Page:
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A business professor regulates worker and consumer safety

    Prakash Sethi is an elderly business school professor and grandfather who has made it a personal crusade to battle against the "march to the bottom", i.e., the tendency to move manufacturing to the location where it is performed with the fewest protections and where labor can be procured with the fewest restrictions at the lowest cost.  As a result of a 1996 dispute with the Mattel Corporation over under-aged workers being abused in Mattel factories, Sethi created the International Center for Corporate Accountability at Baruch College in New York.  Ultimately, Mattel executives hired Sethi and the Institute to help them monitor working conditions in overseas Mattel factories. 

    Other toy manufacturers, such as Hasbro, have refused to actively monitor overseas manufacturing and instead have attempted to limit regulation to voluntary compliance with the "Sullivan Principles" which were created during the Apartheid era.  Sethi and the Institute created and perform a thorough audit of overseas manufacturing that guards against a multitude of abuses, including child labor, unsanitary living conditions, unsafe work conditions, noise, temperature, safety equipment, you name it.  They don't rely upon any form of self-reporting, as it has proven to be unreliable.  Now, there is pressure to apply the same principles to guard against defects and unsafe conditions in the product manufactured, as a result of the recent flood of Chinese-made product defects and recalls.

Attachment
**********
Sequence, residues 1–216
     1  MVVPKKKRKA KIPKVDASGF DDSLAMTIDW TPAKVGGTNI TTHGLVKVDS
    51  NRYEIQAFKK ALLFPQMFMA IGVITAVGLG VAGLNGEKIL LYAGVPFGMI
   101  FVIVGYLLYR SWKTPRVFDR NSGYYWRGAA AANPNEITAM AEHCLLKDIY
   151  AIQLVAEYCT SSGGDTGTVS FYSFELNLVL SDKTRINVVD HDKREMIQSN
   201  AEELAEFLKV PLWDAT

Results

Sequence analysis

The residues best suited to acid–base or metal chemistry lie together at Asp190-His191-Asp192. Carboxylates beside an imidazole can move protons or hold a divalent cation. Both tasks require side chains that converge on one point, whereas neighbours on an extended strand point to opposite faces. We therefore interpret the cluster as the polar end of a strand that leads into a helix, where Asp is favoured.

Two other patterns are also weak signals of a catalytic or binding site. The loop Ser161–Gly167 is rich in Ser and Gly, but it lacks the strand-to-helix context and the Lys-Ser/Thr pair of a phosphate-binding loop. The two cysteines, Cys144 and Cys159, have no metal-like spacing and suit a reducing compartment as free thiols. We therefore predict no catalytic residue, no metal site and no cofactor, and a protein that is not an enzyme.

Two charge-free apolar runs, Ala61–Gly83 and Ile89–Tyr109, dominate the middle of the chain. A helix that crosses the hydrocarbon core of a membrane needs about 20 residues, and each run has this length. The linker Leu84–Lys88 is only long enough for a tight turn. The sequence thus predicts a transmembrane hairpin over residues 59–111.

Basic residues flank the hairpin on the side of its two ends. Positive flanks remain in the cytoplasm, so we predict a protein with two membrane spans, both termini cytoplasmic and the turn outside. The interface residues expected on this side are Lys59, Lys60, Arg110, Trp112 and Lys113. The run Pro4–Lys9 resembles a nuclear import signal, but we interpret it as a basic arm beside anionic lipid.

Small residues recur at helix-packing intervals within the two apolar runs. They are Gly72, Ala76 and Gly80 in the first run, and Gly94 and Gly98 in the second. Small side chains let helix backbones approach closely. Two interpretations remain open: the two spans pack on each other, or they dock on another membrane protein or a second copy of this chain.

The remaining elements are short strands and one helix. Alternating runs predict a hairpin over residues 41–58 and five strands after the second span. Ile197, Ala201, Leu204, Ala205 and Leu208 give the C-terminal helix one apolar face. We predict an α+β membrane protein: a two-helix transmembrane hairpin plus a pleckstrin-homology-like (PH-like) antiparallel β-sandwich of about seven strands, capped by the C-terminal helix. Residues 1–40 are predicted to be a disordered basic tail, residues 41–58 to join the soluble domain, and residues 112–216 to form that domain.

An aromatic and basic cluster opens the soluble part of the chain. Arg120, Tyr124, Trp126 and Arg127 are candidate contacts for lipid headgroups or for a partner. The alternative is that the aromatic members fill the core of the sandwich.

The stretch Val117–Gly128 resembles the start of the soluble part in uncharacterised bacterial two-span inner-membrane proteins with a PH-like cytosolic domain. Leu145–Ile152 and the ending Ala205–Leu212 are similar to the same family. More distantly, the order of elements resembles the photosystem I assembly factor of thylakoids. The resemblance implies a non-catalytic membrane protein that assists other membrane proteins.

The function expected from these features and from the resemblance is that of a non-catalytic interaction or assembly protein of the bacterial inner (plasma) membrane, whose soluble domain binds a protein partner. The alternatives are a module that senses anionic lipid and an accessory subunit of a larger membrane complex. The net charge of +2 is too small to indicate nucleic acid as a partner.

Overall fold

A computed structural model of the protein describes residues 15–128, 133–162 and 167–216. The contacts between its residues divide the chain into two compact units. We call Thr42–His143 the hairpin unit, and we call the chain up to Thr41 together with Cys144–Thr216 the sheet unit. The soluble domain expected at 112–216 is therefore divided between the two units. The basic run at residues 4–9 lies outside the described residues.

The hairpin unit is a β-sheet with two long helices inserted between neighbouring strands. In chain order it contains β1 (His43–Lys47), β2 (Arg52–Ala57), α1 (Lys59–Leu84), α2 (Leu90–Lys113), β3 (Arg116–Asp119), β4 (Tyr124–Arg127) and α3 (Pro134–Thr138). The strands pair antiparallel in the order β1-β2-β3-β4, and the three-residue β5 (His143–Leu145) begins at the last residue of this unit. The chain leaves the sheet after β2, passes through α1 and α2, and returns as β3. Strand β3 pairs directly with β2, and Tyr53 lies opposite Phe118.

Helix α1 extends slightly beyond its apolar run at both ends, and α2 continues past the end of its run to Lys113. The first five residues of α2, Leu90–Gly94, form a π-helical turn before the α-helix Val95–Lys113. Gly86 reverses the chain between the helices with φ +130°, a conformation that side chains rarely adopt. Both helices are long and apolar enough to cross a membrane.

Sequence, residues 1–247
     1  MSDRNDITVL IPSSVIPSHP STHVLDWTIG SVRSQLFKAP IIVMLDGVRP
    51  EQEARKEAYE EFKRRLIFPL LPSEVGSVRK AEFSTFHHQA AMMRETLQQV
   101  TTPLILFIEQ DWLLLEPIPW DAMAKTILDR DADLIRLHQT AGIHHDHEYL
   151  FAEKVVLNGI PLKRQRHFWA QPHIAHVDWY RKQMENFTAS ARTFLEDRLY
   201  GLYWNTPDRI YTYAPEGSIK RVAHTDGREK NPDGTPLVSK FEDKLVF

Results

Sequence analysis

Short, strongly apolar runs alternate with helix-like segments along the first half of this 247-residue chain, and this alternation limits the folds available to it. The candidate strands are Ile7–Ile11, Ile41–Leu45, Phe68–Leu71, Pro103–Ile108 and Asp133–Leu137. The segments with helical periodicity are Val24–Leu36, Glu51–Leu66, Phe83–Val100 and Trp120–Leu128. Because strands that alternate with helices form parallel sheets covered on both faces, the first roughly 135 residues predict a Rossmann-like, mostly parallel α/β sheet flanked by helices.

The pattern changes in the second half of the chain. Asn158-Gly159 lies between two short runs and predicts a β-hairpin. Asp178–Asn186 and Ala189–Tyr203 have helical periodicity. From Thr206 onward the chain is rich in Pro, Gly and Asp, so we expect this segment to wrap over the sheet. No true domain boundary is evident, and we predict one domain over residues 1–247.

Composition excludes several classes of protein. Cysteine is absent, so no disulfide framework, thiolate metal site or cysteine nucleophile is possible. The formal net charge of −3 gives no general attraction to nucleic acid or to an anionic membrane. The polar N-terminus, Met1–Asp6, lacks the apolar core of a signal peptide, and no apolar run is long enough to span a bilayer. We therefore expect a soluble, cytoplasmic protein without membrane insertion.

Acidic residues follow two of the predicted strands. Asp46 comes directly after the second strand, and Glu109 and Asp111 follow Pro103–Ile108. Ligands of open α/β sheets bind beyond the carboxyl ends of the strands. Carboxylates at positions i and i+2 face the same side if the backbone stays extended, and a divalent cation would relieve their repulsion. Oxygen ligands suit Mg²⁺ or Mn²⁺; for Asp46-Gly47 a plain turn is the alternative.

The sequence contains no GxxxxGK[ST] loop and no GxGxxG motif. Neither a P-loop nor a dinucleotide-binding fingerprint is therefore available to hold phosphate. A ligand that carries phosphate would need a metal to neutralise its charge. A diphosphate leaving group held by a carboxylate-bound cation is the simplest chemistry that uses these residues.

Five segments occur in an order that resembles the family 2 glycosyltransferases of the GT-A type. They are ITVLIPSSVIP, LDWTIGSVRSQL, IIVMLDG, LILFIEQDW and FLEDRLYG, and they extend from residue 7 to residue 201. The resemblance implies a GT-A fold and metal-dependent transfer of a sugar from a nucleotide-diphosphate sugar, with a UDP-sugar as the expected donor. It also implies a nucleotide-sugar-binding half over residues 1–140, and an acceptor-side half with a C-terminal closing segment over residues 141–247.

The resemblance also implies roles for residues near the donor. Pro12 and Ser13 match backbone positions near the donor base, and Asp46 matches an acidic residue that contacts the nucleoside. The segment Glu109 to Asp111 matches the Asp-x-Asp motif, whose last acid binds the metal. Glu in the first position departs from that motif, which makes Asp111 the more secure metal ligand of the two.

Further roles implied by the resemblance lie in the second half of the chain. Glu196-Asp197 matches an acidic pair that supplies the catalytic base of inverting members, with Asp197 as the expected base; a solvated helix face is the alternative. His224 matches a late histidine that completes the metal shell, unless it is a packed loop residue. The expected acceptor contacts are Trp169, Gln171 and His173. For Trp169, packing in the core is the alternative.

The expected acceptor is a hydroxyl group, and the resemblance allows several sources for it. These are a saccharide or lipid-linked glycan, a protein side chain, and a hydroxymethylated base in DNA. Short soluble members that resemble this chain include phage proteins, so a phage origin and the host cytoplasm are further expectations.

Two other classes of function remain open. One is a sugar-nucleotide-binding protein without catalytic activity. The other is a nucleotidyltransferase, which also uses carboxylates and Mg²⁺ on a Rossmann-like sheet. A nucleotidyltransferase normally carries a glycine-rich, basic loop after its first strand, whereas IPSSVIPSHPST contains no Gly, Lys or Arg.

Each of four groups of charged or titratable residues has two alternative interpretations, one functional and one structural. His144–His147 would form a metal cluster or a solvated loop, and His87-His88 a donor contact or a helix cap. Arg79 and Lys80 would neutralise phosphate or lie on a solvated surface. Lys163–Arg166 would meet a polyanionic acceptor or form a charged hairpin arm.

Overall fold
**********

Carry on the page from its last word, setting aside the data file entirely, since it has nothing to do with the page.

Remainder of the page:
Since recalls can be expensive, are always embarassing to someone like Mattell, and rarely bring more than 10-30 percent of products back from the market, a significant production monitoring cost could be justified on economic, as well as public policy bases.  Other toy makers refuse to go along, however, instead relying on a public relations device to deflect criticism:  the adoption of the "Caring, Awareness, Responsible, Ethical" [ICTI CARE] voluntary standard of conduct.  The Co-
Chairman of " ICTI CARE" is the chairman of Hasbro, who was recently quoted blaming government bureaucracy for safety problems in China.  Sethi notes that CARE lacks the one quality that true regulation requires:  a disinterested, reliable third-party monitor.  He notes that the so-called ICTI CARE standards are simply one more example of an industry code that represents institutionalization of the "lowest common denominator" in safety, wages, health and standard of living.

     Keep these relative positions in mind if you ever have the opportunity to choose between a toy made by Mattel and one made by Hasbro.  At least Mattel is attempting to live by an American standard of decency:  at Hasbro, apparently, immediate profit is the sole issue.

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